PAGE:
Let me tell you about this time I crossed the road. I didn't have to cross the road, but I wanted to. I was warned against it, told it was dangerous, told I could get hit by a car. But I didn't heed the warnings. I wanted to live, unafraid. I wanted to trust in the goodness of the drivers, the goodness of humanity. I wanted to believe that just because I walked across the road didn't mean I would get hit by a car.
Except, suppose I did get hit by a car.
I wasn't doing anything wrong. I wasn't standing in the middle of the road. But even if I was, the car didn't have to hit me. But the driver did anyway. He chose to hurt me. He saw me there, and he didn't wait while I crossed. He didn't help me, or make sure I was safe. He hit me.
And then he told me it was my fault, because I crossed the road even though I knew it was dangerous. If I hadn't crossed the road, then he never would have hit me.
Sounds ridiculous, right?
Yet, this was essentially the argument put across this week by a renowned Christian blogger in response to Brock Turner and the Stanford rape case.
As I sat and read the gut-wrenching letter the victim wrote to her attacker, my heart cracked open in my chest. Grief flooded my body, puddles of tears gathered on the table in front of me for the way this woman suffered.
And then I read this tweet...
And no longer was I filled with grief, but instead, rage. Rage that a white, privileged, Christian, male blogger would dare insinuate that this woman, or any woman, is responsible for being raped simply because she went to a party, drank too much and mingled amongst a drunken 'hook-up culture', to quote his words.
At what point did it ever become okay to place the responsibility of rape upon a woman? To point the finger at how much she chose to drink, the length of skirt she chose to wear, the party she chose to attend, the time of night she chose to walk home? To make her somehow feel it was her fault because of the choices she made?
Alcohol doesn't equal rape. A short skirt doesn't equal rape. Nor does a party, an empty street or a consensual hook up. What equals rape is lack of consent. And when a woman is unconscious behind a dumpster, nearly naked, being sexually assaulted by another person, there is no consent. In fact, when a woman is fully conscious and being raped, there is no consent. When a child is raped by a trusted family member, there is no consent. When a wife is raped by her abusive husband, there is no consent. Rape is not something that only happens in hook up cultures, when there is alcohol and loss of inhibition.
And this is exactly what enables a rape culture. Men who hold women accountable. Men who condemn women for their lack of modesty, who claim this is the reason they sin. Men such as Turner, who said he rationalised that "since we had been making out where each of us fell to the ground, that it would be a good idea to take things a step further." Yes, she fell to the ground. Unconscious. And then he took it a step further, without her consent, or even her awareness. And then claimed he was the victim.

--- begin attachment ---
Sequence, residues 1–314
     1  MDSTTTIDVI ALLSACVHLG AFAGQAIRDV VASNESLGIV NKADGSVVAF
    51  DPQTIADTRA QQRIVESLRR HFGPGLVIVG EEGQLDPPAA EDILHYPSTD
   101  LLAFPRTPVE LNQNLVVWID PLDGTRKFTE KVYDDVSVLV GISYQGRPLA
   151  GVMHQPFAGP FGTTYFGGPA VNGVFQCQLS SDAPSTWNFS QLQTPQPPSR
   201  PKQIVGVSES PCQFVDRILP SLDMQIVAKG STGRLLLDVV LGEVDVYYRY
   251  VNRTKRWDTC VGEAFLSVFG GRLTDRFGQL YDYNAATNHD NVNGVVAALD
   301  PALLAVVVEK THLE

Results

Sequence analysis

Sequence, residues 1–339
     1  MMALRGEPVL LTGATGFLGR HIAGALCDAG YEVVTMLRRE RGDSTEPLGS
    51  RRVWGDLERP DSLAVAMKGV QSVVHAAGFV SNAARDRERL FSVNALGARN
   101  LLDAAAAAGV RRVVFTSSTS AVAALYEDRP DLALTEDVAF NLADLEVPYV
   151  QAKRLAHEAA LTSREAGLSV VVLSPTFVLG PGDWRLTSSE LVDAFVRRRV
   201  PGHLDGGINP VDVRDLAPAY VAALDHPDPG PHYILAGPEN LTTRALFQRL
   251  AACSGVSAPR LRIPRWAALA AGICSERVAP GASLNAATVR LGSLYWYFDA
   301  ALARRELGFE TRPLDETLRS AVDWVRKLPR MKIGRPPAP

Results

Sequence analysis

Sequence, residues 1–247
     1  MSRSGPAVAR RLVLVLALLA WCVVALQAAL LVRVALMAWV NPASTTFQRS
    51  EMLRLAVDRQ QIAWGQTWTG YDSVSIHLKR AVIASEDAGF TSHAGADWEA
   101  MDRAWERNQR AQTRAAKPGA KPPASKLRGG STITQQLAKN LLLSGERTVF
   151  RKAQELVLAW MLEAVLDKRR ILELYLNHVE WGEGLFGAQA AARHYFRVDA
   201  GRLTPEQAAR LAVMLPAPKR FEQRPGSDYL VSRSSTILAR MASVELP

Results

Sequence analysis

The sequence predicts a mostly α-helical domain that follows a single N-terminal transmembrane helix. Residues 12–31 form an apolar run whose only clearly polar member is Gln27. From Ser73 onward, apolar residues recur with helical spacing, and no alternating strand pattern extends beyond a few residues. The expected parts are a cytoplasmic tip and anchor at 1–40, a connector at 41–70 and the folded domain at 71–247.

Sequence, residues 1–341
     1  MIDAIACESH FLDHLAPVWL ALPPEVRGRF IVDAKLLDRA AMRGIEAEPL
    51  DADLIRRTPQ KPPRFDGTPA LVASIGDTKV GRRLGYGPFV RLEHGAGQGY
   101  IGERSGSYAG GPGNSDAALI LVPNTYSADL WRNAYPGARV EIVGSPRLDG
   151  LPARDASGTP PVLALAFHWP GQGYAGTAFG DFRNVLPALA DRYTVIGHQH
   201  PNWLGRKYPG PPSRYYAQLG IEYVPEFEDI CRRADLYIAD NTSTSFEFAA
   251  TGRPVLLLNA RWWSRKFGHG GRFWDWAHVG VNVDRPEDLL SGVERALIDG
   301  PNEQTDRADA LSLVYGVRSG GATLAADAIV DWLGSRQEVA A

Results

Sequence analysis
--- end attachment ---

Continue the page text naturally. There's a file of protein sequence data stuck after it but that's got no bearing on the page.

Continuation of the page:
To insinuate a rape victim is responsible for her victimisation because of a choice she made or didn't make is perhaps the most shameful thing ever written by a male.
Because here's the thing. I don't deny hook up culture is a problem. But rather than condemn women who choose to drink too much and hook up, I choose to look beyond the action and see the cause. To realise what we are seeing is the result of a broken generation, a generation of women desperate to be noticed, to be seen, to be loved. Because regardless of the façade of hook ups and casual sex and friends with benefits, nothing has changed. Girls are still just looking to be loved. Not raped.
The problem doesn't lie with hook up culture, it never has. The problem lies with the foundations of our society being built upon male privilege, boys not being taught to respect and value women, men being taught through porn industries and the like that women are nothing more than objects of no value to be used for their gratification.
And yes, even through biblical teaching that places men in the position of authority, which women must submit unto. Cue the blogger, who also said: "We can't end rape culture if we don't end hook up culture."
No, we can't end rape culture if men continue to rape.
But this is how we can end rape culture.
Teach our sons what it means to be real men. That real men respect women. Remind them they are here because they were carried by a woman, birthed by a woman, nurtured at the breast of a woman. They were rocked to sleep in the arms of a woman, cared for by the hands of a woman, taught of life by the wisdom of a woman.
Teach our sons to value women, cherish them, love them. To uphold them. Never to hurt them. To honour the strength of their manhood through the protection of women, not through dominance over them.
But mostly, teach our sons that real men don't rape a girl who has blacked out a party. They pick her up and carry her home to safety.
Because drunken hook up culture is not the problem. Women not protecting themselves is not the problem.
Men who believe they are entitled to rape is the problem.